Travel 2009 – Faro, Estoi, Milreu, Sao Bras do Alportel, Alte, Day 6

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Tuesday, 15th September 2009 – Faro, Estoi, Milreu, Sao Bras do Alportel, Alte, Day 6

Tuesday the weather had improved immensely, which was a relief. After all, what are you going to do in a place that geared for being outside if the weather turns against you? We got up late, and meandered down to breakfast, which was taken on the terrace, in the sun… Lovely. And the breakfast was excellent, especially the tiny, tiny pastei de nata (custard tarts) that were brilliant with some good coffee. The cat was back again, and quickly discovered that Lynne was a distinctly soft touch, and could be cajoled into parting with bits of ham or chourico at regular intervals if miaowed at in a sufficiently pathetic way.

Once we’d finished breakfast the plan was to wander out to visit the Roman villa at Milreu, a ten minute walk from the hotel. I’m often very sceptical about claims like “ten minute walk” but it did indeed only take about that long to walk down the main road through the town and out to the site of the villa. Estoi itself is very pleasant, and in some ways time hasn’t moved on much if the horse and cart we saw was anything to go by.

Mind you, even the pleasantest of places can have its down side, at least in terms of taste!

Anyway, to return to the Romans. A very cheap entry fee was handed over, and we were free to wander around what is a very imposing site. It’s easy to see why the earliest archaeologists to work on it thought they might have found a town, but it is in fact a very large villa, with some impressive mosaics still in situ, as well as a much later tower and an even later farmhouse.

Plenty for everyone, including the very strange catfish with what can only be adequately described as a trout pout on the mosaic surrounding what is believed to have been the villa’s temple.

It was well worth an hour or so of our time, and we managed to wander all round the site in the time available before they closed for lunch. We took that as a signal to go across the small possibly Roman bridge at the bottom of the hill in search of cold water and colder beer in the little cafe overlooking the dried up river bed. While there we were briefly harassed by what we would come to know as the Portuguese bat-eared dog – they came in all shapes and sizes, the common denominator being the massive, sticking up ears on the things! Prove me wrong if you can, but I’m sure they are a definite breed! Suitably refreshed, we walked back to the hotel, collected the car, and headed out to explore.

Our first port of call was Sao Bras do Alportel, where we completely and utterly failed to locate the museum, but we did find some pretty little streets, a lovely park and garden, and a large church (but it was closed).

We found the Museum cafe, but the museum was nowhere to be seen, so we finally gave up, got back in the car and drove up to Alte, where the guidebooks all suggested there was a church worth a visit. It has been restored last year at great cost to the EU, and from the outside it looked lovely, but guess what? It was closed. Even though there was a board up in the tourist office offering guided tours. “Closed” said the lady in the tourist office. Well, that was three out of three so far…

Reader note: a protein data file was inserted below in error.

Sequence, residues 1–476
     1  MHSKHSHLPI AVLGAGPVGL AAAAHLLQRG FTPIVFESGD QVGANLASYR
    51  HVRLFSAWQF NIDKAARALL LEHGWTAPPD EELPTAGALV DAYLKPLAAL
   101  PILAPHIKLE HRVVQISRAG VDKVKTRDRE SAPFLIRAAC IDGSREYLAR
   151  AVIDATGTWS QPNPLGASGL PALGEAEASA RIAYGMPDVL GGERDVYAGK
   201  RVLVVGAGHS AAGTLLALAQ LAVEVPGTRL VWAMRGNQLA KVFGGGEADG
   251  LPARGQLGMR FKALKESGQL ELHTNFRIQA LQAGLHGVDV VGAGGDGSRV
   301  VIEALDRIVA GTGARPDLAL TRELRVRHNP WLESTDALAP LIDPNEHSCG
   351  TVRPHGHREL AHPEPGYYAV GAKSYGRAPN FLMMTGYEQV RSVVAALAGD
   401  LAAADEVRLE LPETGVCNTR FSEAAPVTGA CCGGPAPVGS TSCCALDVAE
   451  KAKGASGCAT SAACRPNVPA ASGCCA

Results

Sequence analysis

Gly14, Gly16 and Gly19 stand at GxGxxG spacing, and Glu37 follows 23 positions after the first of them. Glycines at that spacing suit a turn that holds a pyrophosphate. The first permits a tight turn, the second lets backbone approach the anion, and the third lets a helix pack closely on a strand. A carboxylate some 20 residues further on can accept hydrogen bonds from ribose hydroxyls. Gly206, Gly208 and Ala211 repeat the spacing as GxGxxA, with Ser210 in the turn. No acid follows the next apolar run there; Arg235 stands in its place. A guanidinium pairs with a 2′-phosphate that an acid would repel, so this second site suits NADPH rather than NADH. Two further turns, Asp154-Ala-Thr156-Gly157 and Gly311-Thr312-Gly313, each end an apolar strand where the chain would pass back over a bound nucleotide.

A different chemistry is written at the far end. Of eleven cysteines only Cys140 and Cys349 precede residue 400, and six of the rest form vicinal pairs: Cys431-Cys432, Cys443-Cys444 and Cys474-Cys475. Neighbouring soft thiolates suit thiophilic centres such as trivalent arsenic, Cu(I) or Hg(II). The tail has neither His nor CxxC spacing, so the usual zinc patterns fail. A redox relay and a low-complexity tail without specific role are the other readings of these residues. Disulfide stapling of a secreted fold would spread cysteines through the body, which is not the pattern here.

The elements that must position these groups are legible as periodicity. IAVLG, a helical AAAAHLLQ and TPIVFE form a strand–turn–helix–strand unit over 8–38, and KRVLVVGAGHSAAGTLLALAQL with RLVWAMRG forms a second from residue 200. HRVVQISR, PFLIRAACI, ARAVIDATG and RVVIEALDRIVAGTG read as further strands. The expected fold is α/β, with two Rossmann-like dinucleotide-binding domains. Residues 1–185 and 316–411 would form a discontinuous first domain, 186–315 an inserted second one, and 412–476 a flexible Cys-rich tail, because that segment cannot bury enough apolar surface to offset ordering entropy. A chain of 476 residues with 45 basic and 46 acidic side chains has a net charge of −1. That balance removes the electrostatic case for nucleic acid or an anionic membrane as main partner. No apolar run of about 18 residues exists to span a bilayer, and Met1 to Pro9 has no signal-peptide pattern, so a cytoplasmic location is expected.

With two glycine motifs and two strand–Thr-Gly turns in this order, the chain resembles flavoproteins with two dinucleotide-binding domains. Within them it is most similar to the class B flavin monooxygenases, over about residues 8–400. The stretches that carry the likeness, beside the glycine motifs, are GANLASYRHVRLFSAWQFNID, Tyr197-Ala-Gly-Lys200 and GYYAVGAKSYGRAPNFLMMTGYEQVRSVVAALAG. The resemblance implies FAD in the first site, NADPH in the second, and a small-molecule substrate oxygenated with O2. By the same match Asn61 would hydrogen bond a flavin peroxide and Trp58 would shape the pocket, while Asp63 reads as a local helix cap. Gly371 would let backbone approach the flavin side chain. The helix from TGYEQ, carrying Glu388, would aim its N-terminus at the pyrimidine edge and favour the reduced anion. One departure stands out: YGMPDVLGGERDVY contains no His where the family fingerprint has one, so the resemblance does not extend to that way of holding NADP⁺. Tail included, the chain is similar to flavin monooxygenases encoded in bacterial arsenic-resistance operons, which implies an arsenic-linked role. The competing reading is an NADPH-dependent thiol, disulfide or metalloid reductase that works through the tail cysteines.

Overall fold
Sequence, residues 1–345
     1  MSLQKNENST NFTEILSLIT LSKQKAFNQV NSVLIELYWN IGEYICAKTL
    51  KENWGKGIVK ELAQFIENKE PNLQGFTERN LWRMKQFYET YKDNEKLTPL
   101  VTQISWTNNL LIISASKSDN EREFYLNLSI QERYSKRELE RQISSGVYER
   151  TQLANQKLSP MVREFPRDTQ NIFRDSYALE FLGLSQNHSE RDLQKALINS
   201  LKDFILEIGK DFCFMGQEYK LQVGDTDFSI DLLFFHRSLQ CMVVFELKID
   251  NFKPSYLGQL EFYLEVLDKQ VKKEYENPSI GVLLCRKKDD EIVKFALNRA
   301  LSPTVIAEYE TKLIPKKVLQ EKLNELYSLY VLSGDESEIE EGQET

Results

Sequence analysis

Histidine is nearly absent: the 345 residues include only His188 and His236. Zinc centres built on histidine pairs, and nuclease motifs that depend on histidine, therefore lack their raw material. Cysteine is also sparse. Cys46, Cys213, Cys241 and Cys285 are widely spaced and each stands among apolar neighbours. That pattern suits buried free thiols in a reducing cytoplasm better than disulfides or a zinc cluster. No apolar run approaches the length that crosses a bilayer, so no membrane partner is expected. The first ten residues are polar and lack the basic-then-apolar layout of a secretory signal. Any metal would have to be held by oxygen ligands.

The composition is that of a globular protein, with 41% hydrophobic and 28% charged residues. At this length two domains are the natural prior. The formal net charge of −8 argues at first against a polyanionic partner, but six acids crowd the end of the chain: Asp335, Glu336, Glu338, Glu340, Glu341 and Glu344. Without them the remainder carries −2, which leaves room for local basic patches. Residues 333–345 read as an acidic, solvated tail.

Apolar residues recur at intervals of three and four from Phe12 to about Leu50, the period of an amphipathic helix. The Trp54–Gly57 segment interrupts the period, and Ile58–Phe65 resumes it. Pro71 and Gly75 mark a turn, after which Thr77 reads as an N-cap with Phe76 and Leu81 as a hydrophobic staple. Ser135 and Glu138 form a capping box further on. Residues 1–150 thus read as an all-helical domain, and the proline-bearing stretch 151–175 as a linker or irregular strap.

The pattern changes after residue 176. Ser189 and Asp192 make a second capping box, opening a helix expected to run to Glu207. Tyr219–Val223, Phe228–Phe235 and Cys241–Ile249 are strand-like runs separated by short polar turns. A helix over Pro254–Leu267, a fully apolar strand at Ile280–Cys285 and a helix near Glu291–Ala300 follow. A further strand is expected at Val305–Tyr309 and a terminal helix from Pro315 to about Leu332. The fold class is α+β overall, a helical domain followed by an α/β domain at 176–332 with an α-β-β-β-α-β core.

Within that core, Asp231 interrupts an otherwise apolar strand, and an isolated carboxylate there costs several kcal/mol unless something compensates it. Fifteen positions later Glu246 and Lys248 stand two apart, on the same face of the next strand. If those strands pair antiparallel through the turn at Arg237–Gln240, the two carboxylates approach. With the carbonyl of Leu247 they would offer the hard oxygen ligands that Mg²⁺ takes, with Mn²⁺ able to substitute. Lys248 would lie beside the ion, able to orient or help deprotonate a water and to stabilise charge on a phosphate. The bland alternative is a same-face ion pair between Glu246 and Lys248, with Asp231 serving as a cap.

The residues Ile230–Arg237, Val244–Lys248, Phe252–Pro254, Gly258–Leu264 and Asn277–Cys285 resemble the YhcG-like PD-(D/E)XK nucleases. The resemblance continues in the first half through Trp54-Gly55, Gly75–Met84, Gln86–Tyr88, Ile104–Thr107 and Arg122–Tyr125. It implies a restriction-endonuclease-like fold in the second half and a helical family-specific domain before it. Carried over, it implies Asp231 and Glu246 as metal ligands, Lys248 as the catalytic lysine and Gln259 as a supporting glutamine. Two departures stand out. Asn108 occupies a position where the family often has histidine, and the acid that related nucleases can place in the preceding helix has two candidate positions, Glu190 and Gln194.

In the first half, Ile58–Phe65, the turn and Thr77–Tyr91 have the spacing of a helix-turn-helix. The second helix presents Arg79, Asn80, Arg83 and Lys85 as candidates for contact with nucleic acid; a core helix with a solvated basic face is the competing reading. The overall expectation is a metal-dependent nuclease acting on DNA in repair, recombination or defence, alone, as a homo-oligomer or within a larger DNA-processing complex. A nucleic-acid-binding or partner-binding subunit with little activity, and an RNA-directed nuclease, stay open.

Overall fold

We gave up, had a coffee overlooking the square, then trundled slowly back to the hotel, where we took to the pool, and had a (very) late lunch of a sandwich and a glass of wine from the pool bar. The pool was cold but refreshing and it was great to sit in the sun for a while before retreating to our room to shower and change for dinner. The plan was to go and find somewhere to eat in Faro, and while we were at it establish whether it was worth going back into Faro in the morning to investigate the old town.

We blundered our way into Faro and parked – more by luck than judgement – down by the walls of the old town, and wandered in. We had a couple of possible restaurants in mind but got sidetracked into Faz Gostos, which was deserted, to our great bafflement, especially once we’d tucked into our starters – foie gras…

Goats’ cheese…

And mains – Lynne’s three “shrimps” in a mango sauce proving to be the size of small lobsters…

And were theatrically flambeed for our entertainment by the chef/patron Duval Pestana…

My hake in batter with clam rice was also pretty damn good).

It was excellent food, and the green apple sorbet they brought us next was good too.

Whether the desserts would have been as good, I have no idea. I couldn’t manage one by then.

A coffee to keep me awake as we drove back to the hotel was enough for me, and as we left people started to come in, so perhaps we were just too early. As it turned out, it was just as well we did leave fairly early, because the damn satnav took us round the same bit of the town twice and was trying to do it again when we gave up and followed signs for the airport, intending to sort it all out from there… it proved a lot easier than repeatedly going round the same square, presumably until such time as we achieved escape velocity or something similar.

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